Some people are called to stand up and say “Hell, No” to war, despite the personal cost. Set against the backdrop of the turbulent 1960s, this remarkable memoir details the author’s experience as a conscript in the U.S. Army during the Vietnam War. Jerry Gioglio relates with compelling honesty his struggles to understand and embody his working-class , Catholic upbringing while responding to civil rights challenges, the military draft, and the dehumanizing aspects of military training.
Gioglio recalls his childhood in New Brunswick, New Jersey, a remarkably diverse area ethnically and racially, and his youthful introduction to the ubiquity of prejudice in all its forms. His working-class family was deeply Roman Catholic, and he imbibed the faith’s social justice teachings, especially under the charismatic tutelage of the Rev. Louis Anthony Leyh. Leyh’s lessons prepared the author “for a lifetime of varied social justice struggles” that lay ahead.
Gioglio had to draw deeply from this fount of moral strength when he was drafted into the Army in 1968, destined to be deployed to Vietnam. He was reluctant to declare himself a conscientious objector since it committed him to opposing all wars. So he subjected himself to basic training as well as advanced infantry training, experiences he described as humiliating and dehumanizing. He was stunned to learn how susceptible he was to military indoctrination as well as his capacity for violence, a predicament depicted by the author with candor and intelligence:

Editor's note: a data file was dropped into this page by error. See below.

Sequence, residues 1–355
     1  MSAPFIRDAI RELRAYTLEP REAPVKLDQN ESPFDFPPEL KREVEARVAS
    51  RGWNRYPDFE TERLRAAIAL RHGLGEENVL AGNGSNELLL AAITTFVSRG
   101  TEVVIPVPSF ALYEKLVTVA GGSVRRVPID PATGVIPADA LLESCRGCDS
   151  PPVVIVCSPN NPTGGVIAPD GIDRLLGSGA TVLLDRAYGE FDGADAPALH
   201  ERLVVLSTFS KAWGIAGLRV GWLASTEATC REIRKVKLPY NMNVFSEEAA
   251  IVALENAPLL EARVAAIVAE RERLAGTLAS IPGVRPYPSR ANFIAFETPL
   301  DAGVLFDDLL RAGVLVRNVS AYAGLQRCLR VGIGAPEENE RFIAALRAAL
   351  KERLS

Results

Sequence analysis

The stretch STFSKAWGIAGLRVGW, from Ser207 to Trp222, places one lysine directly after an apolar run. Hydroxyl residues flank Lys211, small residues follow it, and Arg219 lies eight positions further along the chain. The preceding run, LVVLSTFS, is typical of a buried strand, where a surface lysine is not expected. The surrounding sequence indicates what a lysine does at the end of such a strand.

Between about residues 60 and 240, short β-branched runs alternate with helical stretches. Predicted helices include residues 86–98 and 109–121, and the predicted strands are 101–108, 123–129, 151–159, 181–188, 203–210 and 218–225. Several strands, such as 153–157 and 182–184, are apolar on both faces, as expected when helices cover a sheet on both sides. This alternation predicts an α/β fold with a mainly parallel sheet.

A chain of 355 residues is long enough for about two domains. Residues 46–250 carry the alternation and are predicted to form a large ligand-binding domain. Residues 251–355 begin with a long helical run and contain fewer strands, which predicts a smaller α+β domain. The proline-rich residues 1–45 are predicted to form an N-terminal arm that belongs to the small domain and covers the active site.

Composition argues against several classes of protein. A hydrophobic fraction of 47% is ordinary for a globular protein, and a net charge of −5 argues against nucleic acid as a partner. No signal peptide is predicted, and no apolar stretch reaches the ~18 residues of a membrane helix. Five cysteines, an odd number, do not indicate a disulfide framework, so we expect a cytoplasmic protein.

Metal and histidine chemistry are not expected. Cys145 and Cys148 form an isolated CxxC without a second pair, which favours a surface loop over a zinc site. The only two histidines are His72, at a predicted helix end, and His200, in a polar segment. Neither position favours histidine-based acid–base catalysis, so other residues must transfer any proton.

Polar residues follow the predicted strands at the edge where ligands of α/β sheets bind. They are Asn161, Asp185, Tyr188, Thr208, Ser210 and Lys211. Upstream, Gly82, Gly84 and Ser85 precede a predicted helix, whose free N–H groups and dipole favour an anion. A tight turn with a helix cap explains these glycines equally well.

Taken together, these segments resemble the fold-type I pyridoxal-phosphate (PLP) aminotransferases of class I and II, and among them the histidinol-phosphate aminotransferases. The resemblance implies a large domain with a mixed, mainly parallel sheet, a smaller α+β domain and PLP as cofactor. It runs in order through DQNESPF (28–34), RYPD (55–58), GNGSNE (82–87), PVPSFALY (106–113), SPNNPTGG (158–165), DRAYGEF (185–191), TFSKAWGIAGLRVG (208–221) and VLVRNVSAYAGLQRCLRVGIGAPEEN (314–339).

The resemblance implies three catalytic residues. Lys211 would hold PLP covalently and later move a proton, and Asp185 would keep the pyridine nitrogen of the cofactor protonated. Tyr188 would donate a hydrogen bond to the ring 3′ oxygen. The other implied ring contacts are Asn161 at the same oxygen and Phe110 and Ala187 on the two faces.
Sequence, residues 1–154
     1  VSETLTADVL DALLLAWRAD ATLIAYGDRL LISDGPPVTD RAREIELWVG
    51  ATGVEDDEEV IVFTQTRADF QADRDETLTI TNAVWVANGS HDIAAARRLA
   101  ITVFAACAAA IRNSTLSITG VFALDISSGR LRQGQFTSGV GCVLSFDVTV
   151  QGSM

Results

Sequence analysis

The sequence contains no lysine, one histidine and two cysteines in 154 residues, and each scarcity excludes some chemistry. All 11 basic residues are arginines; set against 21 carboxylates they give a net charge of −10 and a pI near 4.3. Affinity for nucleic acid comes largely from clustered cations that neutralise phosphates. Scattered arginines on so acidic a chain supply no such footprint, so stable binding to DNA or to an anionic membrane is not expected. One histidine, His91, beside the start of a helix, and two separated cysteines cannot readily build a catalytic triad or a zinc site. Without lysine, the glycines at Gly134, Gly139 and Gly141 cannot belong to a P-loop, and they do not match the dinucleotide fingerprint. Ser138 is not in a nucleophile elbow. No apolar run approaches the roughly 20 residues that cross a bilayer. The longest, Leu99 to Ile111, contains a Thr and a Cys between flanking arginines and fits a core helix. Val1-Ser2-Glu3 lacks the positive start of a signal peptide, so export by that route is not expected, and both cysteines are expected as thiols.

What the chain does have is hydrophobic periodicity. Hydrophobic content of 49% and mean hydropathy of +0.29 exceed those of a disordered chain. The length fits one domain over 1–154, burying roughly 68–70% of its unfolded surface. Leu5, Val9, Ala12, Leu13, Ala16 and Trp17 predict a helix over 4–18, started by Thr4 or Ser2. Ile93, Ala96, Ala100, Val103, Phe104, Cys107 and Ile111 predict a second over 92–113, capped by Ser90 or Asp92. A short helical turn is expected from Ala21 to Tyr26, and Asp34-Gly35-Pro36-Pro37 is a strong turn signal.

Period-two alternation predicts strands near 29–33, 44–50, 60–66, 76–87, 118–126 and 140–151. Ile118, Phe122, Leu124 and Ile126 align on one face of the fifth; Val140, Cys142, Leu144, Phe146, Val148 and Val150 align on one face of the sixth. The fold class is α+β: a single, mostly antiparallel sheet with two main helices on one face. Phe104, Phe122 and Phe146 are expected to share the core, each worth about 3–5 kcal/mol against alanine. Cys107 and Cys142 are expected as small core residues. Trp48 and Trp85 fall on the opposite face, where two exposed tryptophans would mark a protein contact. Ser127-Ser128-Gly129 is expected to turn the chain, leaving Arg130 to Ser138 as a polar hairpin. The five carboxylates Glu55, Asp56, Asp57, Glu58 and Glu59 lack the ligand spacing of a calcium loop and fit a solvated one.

“This was the level of success they were having. Everything I learned previously at school and in church had almost been wallpapered over. More than ever, I knew I would have to be on guard to prevent the resurrection of the homicidal beast lurking within. It is a disturbing realization, still shocking some five decades later.”
He eventually declared himself a conscientious objector after he completed his training, and he furnishes an edifying account of that legal process as well as of the world of GI activists who took a stand against the war.
This insightful book is relevant to all present and future civilians and members of armed forces throughout the world grappling with the very real questions of personal morality when it comes to involvement in making war … and building peace.